Are you trading or gambling?

FX:EURUSD   Euro / U.S. Dollar
Tradingview has opened up a brilliant section on 'Beyond Technical Analysis', where there is much room for development.

I have a very big interest in trading psychology as I've come to realise that success in trading is determined by roughly 80% psychological self-management (and its many components). I've been exploring this topic elsewhere (link later). But for now let's just think about some of this stuff. At the outset I wish to say that I claim no 'guru' status. I do not do trainings or tips. I never - will never - offer anything to others for my personal financial gain.

An exploration of the similarities and differences between trading and gambling is very important. Many a new trader will not realise that they could be gambling instead of trading. I see the two as different, though I am aware that a majority of people may see them as one and the same.

This topic is of the utmost importance. You're in a game where the odds are naturally stacked against you. The markets of any type are chaotic environments that present patterns of various kinds which may be better seen by tools in technical analysis . A new trader could learn the mountain of tricks in technical analysis and still fail miserably. How? Because individual psychology is the big issue. Mark Douglas's book Trading in the Zone is for me the ultimate Bible about Trading Psychology and more. I say no trader should be trading at all if they haven't read it.

How does gambling come into this? Well, the human being is naturally driven by reward. A few big wins in a trading environment is highly rewarding. This can lure new traders especially, into taking more and more (or greater) chances or risks without the structure of a working trading strategy that is tried and tested. This is the same scenario essentially with people who visit casinos. In essence the punter knows in his own mind that doubling his bets and holding out is likely to bring a big win or win back losses. Reality is a different thing, and it is often times painful for those who engage in that sort of activity.

Taking chances or risks is not gambling. Seasoned traders will know that one has to be prepared to lose, in taking a risk or a chance. We all take risks from time to time in crossing a busy street but we are normally aware of what factors we need to control.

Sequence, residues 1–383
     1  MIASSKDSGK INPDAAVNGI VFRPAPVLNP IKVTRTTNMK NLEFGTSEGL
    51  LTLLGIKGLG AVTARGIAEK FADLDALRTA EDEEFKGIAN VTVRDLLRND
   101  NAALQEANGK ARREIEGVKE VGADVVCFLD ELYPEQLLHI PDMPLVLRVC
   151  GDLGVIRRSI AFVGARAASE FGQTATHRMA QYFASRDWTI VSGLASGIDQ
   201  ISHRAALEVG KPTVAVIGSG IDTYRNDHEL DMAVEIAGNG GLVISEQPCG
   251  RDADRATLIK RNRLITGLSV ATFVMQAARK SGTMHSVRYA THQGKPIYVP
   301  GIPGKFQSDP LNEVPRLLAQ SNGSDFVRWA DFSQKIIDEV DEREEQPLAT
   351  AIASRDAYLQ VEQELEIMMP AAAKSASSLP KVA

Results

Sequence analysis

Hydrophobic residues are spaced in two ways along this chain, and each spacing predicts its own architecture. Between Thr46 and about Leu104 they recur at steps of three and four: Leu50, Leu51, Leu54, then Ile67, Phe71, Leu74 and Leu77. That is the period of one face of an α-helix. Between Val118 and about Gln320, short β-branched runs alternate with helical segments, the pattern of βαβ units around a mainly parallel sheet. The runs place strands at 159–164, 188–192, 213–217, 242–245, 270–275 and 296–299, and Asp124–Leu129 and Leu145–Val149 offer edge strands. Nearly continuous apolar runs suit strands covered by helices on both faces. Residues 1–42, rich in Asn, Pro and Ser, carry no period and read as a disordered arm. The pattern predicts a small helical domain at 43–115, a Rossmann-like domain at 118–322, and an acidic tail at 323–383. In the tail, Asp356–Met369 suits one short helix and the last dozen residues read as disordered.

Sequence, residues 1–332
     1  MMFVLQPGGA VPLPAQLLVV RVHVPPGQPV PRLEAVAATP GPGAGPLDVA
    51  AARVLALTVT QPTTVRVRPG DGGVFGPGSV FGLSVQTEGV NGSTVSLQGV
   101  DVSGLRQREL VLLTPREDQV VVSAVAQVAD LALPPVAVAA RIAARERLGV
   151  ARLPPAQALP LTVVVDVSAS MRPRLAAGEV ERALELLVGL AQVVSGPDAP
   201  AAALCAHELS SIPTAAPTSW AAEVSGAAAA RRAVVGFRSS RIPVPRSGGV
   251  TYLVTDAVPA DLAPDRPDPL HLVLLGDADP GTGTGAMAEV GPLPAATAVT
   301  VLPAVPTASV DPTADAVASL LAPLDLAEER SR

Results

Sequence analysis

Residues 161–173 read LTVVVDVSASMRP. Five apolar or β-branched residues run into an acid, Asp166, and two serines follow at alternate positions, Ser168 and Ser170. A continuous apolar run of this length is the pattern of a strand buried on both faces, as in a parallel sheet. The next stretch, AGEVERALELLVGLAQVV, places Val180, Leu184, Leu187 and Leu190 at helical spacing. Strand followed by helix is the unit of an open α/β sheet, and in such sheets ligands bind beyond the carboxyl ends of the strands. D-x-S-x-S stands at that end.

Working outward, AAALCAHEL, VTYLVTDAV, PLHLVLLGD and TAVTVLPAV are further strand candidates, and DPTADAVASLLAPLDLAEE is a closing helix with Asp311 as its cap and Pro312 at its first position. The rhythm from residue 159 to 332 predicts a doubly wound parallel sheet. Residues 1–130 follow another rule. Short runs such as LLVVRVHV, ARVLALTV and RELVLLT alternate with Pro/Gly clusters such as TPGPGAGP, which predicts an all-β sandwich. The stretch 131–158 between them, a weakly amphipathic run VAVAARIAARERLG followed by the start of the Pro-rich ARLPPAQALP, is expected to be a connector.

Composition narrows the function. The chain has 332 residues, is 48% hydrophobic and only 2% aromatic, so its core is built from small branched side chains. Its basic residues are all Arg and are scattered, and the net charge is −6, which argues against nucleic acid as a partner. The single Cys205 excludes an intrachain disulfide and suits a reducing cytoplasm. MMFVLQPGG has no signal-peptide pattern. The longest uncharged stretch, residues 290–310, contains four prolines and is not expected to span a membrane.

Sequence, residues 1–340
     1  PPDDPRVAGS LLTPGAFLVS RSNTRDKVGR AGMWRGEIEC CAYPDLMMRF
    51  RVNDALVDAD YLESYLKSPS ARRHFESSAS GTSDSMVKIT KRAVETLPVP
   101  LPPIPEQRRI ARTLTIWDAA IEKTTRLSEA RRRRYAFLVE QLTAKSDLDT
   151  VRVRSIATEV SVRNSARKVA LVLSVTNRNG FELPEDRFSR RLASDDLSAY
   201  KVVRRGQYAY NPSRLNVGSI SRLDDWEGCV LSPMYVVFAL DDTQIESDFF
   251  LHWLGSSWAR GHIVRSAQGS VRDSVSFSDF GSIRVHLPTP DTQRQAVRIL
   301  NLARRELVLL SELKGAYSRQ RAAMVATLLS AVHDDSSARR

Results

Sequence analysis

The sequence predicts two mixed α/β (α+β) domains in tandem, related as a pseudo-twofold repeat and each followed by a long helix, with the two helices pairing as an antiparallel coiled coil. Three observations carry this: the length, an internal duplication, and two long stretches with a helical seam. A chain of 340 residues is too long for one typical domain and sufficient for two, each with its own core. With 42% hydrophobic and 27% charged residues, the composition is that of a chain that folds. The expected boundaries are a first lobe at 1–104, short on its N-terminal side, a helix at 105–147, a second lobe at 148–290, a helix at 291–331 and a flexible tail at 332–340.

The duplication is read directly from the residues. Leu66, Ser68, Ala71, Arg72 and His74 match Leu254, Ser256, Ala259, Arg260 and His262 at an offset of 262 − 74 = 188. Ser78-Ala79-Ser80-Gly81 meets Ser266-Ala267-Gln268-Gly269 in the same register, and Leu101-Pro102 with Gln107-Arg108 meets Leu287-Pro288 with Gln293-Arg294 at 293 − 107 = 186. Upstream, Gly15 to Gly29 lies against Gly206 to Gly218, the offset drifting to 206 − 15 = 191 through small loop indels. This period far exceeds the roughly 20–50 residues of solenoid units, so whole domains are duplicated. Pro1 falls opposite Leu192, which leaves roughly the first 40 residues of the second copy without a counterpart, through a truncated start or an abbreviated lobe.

Controlling the size of a loss in trading is the very difficult issue that is affected by 'individual psychology'. How do we really know how to control the chance and risk in those scenarios? There are approximately 300 biases that affect the human mind, and another 300 or so logical errors in the mind - the majority of those control our logic quite imperceptibly. The permutations of the latter are extremely large numbers. Add emotional factors to the equation and some will better appreciate how decision-making on risk can be affected. Reward drives emotions and emotions influence thinking (decision-making).

Gambling is an activity which I see as (normally) driven mostly by emotions. For example that hunch that 'you're gonna win' the next time around. There are so-called 'expert gamblers' who make millions at casinos. These are exceptional people - but they weren't born that way. When you look at what they do, they aren't gambling even when they are in the casino (a place that is defined for gambling). They have a system, a process, they avoid emotional influences and they are highly controlled in their responses. Many of them are not even concerned with winning or their losses. This is much the same sort of mindset I pick up from a few truly successful traders. This is what true traders must achieve to avoid gambling.

Supplemental: What is gambling? - Managers of chaos - Luck & chance

FED balance sheet 42% of GDP @ 2020-01-26. Does money have value anymore? [Different perspective on the virus ]